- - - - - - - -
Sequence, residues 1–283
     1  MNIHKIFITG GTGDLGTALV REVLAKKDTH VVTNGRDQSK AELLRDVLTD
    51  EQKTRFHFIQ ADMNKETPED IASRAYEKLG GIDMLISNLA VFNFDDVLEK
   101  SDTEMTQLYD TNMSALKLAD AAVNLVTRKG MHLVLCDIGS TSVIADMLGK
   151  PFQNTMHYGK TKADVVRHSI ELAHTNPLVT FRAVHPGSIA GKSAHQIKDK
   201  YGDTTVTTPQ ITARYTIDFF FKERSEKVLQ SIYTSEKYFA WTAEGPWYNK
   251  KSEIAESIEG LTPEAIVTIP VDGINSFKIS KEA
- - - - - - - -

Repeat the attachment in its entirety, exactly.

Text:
Sequence, residues 1–283
     1  MNIHKIFITG GTGDLGTALV REVLAKKDTH VVTNGRDQSK AELLRDVLTD
    51  EQKTRFHFIQ ADMNKETPED IASRAYEKLG GIDMLISNLA VFNFDDVLEK
   101  SDTEMTQLYD TNMSALKLAD AAVNLVTRKG MHLVLCDIGS TSVIADMLGK
   151  PFQNTMHYGK TKADVVRHSI ELAHTNPLVT FRAVHPGSIA GKSAHQIKDK
   201  YGDTTVTTPQ ITARYTIDFF FKERSEKVLQ SIYTSEKYFA WTAEGPWYNK
   251  KSEIAESIEG LTPEAIVTIP VDGINSFKIS KEA